By Henry Emmons, M.D.
with Rachel Kranz
Always fighting those depressive demons, when I saw a friend suggest this book to another depression sufferer, I decided to pick it up and see what it was all about. The book starts out with an interesting premise: that depression can be lessened by combining western science and eastern philosophies in a sort of multi-pronged approach to treatment.
I can buy that. The author spends quite a bit of time talking about brain chemistry and the "how" of depression, along with some of the positives and negatives of traditional treatments. He then goes into Ayurvedic theory, defining people into air, fire and earth types. The author explains how the different Ayurvedic types have different needs and respond to different treatments. I found that I am mostly an "air" type (with a little "fire" thrown in for good measure). I have cold hands and feet, prefer hot drinks, I sleep lightly and have a restless mind, am prone to anxiety but overly discriminating and compulsive in routine. Yep, that about sums it up.
So apparently I need to give myself more down time, create a more consistent schedule and eliminate stress. LOL. Wife, mom, Realtor......how likely is that?
I did get a couple of good tips from the book on some meditation exercises, and a reminder to journal my feelings (which I haven't done in a very, very long time). Plus a chapter called "Strategies of wisdom" which included a paragraph about the importance of having someone in our lives who really knows how to listen.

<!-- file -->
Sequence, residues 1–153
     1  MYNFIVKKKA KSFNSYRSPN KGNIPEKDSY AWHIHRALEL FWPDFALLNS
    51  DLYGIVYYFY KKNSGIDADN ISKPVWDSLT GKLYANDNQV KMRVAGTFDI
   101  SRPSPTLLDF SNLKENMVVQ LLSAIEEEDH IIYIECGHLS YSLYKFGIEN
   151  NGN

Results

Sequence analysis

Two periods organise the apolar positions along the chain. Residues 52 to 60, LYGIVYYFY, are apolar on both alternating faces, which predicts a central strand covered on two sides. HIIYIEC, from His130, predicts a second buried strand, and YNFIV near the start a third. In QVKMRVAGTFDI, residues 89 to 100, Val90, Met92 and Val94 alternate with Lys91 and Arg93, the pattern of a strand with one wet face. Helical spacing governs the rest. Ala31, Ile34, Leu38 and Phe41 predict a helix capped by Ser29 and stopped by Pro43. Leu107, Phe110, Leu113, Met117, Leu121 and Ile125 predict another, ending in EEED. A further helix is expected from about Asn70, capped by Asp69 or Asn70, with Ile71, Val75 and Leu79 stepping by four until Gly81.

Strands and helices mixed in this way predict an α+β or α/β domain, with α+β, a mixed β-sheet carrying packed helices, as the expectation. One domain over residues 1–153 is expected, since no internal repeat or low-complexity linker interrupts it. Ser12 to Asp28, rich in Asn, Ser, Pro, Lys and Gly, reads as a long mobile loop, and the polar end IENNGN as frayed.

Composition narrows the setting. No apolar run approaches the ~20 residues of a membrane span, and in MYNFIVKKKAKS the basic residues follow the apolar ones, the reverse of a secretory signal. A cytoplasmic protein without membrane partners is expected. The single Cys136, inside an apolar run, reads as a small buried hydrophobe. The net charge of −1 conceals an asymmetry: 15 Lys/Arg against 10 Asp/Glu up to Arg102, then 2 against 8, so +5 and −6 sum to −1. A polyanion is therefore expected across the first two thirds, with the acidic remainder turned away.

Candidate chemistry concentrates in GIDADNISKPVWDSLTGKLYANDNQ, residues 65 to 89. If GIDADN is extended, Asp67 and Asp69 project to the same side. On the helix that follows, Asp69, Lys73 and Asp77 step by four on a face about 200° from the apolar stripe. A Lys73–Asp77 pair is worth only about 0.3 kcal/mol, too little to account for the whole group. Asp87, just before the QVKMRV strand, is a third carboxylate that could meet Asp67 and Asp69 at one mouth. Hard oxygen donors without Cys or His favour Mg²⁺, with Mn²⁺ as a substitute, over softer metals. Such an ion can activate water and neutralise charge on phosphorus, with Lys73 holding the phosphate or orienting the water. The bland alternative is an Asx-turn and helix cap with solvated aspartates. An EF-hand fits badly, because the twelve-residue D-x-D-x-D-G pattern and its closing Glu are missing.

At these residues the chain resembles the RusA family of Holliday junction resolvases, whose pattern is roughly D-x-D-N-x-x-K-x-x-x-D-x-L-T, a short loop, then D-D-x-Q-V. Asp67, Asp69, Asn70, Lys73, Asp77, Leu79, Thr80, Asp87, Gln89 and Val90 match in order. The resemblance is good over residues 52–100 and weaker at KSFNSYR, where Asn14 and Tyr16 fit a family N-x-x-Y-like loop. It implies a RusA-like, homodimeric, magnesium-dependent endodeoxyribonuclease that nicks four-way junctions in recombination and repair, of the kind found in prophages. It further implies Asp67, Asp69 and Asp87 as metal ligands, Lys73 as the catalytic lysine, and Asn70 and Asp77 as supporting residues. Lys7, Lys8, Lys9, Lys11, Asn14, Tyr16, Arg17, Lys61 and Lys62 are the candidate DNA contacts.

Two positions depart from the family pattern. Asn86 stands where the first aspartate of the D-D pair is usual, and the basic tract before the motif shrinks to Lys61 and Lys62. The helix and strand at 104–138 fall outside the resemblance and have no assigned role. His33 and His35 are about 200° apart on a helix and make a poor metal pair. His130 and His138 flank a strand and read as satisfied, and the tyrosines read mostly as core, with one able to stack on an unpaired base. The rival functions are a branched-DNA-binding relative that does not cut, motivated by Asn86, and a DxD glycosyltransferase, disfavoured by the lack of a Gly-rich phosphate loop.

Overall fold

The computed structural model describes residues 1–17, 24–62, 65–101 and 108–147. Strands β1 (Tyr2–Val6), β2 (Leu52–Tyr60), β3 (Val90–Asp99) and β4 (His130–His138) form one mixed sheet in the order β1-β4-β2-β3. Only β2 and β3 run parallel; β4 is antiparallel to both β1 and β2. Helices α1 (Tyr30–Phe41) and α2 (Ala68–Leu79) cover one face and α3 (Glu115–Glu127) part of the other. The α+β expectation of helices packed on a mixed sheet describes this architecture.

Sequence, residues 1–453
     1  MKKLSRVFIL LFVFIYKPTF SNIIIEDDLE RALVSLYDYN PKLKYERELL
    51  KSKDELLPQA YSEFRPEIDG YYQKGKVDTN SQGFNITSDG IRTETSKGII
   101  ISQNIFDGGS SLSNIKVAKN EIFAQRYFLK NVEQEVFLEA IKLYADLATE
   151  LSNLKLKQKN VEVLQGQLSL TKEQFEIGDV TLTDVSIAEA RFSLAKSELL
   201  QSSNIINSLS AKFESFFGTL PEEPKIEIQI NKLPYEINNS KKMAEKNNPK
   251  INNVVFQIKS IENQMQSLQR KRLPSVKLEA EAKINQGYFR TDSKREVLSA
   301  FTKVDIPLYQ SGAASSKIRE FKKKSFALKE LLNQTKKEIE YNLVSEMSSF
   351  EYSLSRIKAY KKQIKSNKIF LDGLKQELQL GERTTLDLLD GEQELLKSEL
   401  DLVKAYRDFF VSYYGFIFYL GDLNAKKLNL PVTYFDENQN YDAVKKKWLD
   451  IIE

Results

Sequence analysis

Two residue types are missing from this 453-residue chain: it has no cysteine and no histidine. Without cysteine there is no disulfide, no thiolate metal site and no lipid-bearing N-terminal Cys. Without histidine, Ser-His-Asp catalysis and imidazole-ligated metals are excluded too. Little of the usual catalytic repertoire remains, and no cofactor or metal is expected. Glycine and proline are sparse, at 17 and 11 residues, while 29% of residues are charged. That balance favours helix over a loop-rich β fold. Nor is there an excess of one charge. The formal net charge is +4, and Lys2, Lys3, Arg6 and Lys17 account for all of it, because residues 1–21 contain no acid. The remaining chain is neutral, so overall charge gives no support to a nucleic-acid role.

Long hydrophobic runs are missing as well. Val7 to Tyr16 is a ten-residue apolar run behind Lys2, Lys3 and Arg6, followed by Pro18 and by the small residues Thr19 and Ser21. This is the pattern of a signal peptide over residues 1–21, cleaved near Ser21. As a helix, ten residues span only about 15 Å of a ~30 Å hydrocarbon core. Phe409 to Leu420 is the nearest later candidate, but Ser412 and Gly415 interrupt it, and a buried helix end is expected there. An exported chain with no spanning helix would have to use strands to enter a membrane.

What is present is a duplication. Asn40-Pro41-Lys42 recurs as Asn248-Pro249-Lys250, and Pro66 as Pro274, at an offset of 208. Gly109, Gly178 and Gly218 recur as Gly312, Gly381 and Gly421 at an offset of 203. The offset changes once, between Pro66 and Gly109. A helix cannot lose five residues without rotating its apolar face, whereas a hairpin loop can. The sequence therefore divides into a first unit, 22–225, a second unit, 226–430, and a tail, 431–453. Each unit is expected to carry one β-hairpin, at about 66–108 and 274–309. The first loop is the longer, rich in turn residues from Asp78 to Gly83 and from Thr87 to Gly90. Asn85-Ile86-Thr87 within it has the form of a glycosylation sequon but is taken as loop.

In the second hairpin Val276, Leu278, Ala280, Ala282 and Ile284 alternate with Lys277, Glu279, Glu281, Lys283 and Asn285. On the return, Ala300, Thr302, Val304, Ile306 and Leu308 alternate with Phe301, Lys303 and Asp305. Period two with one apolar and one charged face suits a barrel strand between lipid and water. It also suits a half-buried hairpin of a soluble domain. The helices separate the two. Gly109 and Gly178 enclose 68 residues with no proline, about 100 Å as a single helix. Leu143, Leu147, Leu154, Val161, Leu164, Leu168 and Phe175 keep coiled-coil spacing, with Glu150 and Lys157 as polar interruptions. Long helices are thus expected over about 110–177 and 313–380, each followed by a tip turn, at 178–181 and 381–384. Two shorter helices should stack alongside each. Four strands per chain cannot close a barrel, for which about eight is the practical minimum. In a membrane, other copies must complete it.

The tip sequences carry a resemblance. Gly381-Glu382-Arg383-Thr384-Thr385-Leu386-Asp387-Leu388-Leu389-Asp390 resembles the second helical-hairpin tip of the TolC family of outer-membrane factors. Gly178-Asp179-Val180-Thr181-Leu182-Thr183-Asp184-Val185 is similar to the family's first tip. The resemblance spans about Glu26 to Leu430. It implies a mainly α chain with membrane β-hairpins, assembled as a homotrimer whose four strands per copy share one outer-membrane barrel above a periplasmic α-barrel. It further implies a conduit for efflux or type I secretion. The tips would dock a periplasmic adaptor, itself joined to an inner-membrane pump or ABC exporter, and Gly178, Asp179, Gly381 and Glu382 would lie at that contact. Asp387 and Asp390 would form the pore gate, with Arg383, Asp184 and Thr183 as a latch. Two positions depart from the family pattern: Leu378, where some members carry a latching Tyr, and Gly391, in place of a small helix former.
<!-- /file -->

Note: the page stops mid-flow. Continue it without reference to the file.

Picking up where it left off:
The author writes, "When someone listens not with their ears or their thinking mind, but with an open heart and a nonjudging mind, then the soul feels safe to come out and reveal itself....This kind of exchange is a gift for both the speaker and the listener, a relationship that goes beyond the unequal roles of helper and helped....Rather, the exchange is a relationship of two souls, in which 'the god in me meets the god in you' and both parties are the richer for it. The remarkable thing about such a soul relationship is that whether you are the speaker or the listener, you benefit a great deal."
Those words struck such a chord in me. To have that type of a relationship is something to be truly cherished. That one paragraph alone was worth reading the entire book.
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